Traumatic brain injury (TBI) is one of the most important causes of morbidity and mortality in the modern world. Each year in USA alone, more than two million people sustain a head trauma, and 10% of these injuries are fatal . In addition, 10% of survivors experience neurological deficits of varying degrees , and it is estimated that as many as 5.3 million people are living in USA with disability related to TBI, approximately 2% of the population . The leading cause of TBI is injury related to falls, followed by motor-vehicle or traffic collisions, and external cause of being “struck by or against” . The classification of the clinical severity of TBI is based on the Glasgow Coma Scale (GCS) . The GCS is a neurological scale that allows the recording of the level of consciousness through the assessment of eye, motor, and verbal responses. The severity distribution is approximately 80% mild (GCS score of 13-15), 10% moderate (GCS score of 12-9), and 10% severe (GCS scores of 8 or less).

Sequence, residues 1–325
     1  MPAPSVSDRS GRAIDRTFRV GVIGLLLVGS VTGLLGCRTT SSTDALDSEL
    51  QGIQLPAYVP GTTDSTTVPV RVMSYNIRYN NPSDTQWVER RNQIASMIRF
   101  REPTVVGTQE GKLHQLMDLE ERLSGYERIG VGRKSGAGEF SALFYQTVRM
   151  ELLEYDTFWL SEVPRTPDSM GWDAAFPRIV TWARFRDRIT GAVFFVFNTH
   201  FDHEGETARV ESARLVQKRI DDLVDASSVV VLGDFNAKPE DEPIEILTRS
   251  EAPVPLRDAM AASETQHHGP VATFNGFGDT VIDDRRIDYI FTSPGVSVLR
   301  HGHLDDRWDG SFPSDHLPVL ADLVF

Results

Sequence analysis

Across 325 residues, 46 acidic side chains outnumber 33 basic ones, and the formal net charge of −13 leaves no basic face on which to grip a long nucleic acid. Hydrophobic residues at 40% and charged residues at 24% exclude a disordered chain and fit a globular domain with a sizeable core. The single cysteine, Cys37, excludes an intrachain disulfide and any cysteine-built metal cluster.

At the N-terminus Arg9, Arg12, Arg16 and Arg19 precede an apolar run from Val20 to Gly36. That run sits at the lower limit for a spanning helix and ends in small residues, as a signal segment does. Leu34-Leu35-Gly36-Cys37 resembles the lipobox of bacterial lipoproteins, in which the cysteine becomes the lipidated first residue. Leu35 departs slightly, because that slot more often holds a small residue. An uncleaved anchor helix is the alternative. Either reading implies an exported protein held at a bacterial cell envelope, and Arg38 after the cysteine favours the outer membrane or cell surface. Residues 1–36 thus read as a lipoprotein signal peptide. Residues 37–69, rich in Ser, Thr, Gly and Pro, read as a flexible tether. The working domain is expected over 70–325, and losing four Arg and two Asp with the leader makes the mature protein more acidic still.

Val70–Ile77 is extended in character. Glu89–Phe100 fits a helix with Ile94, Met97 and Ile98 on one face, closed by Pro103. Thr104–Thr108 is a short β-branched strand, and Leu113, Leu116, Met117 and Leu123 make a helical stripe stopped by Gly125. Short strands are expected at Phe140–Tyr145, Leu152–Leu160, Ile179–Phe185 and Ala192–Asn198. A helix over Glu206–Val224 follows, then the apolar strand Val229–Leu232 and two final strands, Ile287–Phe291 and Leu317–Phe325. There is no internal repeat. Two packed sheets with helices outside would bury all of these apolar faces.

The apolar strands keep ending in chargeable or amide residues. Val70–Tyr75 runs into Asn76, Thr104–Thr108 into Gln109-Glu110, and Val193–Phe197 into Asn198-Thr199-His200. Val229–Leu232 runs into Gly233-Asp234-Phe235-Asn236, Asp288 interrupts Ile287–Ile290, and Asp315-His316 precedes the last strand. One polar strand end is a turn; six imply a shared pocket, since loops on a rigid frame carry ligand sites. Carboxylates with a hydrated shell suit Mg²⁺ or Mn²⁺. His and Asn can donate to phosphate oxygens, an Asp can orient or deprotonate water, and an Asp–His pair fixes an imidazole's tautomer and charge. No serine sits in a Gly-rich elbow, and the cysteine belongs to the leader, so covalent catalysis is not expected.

|Title of host publication||Functional Neuroradiology|
|Subtitle of host publication||Principles and Clinical Applications|
|Number of pages||18|
|State||Published - 1 Jan 2012|